This is a cross-post from Items, a Social Science Research Council digital forum that renews and reimagines the Council’s former newsletter as a space for engagement with our work and with the social sciences more generally. Ebunoluwa O. Popoola was a Next Generation Social Sciences in Africa fellow in 2012. After six decades of oil production […]
“For the Nigeria–Cameroon border conflict, however—deemed settled between the contesting parties by the Greentree Agreement in 2006—the continuing violation by one or both parties of the rights of the people living in the disputed Bakassi Peninsula raises questions with regard to the functionality of the settlement and the processes that brought it about.”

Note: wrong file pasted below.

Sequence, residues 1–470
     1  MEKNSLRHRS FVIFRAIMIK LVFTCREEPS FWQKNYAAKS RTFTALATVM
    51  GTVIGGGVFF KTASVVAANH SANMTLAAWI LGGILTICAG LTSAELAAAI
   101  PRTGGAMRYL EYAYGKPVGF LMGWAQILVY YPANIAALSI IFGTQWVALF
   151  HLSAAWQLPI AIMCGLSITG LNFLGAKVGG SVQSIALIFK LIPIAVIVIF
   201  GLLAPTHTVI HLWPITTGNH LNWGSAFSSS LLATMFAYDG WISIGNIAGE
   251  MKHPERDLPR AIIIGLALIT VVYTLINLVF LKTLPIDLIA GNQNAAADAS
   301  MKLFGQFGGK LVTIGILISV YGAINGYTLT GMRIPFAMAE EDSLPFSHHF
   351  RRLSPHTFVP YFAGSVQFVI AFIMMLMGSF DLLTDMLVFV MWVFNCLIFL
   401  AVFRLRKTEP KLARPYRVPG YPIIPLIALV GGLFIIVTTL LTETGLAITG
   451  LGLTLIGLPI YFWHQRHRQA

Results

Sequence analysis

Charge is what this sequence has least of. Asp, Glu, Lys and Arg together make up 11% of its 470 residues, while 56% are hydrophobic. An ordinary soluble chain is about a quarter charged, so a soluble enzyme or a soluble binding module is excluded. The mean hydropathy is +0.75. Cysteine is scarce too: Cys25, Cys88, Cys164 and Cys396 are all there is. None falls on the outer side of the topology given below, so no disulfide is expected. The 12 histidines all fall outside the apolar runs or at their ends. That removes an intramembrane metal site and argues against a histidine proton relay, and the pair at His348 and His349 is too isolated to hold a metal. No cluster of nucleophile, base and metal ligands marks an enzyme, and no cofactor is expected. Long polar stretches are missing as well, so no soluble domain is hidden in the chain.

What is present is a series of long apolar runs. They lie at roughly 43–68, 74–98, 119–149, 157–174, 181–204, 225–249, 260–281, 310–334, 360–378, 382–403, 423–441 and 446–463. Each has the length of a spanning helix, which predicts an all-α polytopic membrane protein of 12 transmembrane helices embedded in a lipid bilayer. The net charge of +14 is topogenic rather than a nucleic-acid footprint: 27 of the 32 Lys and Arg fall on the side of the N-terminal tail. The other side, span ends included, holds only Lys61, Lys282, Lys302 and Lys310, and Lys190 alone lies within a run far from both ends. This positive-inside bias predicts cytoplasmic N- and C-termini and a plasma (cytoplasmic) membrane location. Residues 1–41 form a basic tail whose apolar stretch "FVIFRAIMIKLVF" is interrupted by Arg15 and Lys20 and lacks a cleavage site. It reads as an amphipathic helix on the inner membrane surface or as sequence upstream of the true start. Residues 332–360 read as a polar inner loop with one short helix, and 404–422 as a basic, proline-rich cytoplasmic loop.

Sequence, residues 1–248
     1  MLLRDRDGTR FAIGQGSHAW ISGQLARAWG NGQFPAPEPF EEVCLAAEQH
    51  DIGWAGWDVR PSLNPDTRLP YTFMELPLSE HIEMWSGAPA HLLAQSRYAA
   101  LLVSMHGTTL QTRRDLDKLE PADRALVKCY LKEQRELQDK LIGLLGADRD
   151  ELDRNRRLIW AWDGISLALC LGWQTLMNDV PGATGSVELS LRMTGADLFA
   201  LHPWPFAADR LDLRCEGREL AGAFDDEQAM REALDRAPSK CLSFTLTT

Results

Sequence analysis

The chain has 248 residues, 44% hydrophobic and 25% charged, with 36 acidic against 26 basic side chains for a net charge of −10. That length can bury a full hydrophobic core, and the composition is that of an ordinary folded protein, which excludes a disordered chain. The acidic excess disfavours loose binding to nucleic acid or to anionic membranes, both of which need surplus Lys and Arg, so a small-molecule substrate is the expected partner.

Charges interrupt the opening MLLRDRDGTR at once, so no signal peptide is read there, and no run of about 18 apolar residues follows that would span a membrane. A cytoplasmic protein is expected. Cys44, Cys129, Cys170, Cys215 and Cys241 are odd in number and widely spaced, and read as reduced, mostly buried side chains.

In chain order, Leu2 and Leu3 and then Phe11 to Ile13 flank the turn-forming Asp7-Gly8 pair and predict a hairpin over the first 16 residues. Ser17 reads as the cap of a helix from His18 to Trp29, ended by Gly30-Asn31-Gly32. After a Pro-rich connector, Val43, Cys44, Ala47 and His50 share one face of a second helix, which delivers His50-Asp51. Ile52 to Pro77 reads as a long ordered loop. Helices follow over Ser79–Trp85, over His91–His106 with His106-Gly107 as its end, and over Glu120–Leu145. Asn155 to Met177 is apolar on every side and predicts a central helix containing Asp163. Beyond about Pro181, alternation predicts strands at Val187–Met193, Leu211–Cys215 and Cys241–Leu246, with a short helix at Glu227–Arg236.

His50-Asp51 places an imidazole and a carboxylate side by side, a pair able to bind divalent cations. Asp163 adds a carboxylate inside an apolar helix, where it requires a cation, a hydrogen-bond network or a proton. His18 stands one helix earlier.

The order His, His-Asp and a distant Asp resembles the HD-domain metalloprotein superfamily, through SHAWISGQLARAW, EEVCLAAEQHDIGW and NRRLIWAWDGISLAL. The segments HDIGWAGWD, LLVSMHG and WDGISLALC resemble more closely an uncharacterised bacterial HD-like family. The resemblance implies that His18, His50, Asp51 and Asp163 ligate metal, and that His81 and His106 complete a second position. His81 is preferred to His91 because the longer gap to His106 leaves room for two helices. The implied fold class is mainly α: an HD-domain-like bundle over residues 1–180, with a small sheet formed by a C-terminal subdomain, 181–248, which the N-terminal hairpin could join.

“The commitment of a section of the opposition to unseating Nkurunziza’s regime, coupled with divisions within the military and the police, could turn the conflict into a civil war, while state responses to repress the opposition could lead to the spreading of violence across the country…Hope remains that peace can be achieved in Burundi, but the window of opportunity is closing fast.”
The September 21 Al-Shabaab attack was a significant blow to the difficult process of state building on the continent, producing a sort of fear that prompts advocates of good governance to give states a blank check in the so-called ‘war on terror.’ People in Somalia and other countries touched by Somalia’s instability should, above all else, rededicate themselves to the fight for good governance and try to recapture the respect for human rights (including those of terrorists), as well as the commitment to the rule of law (including when dealing with terrorists) that such attacks tempt us to cast aside.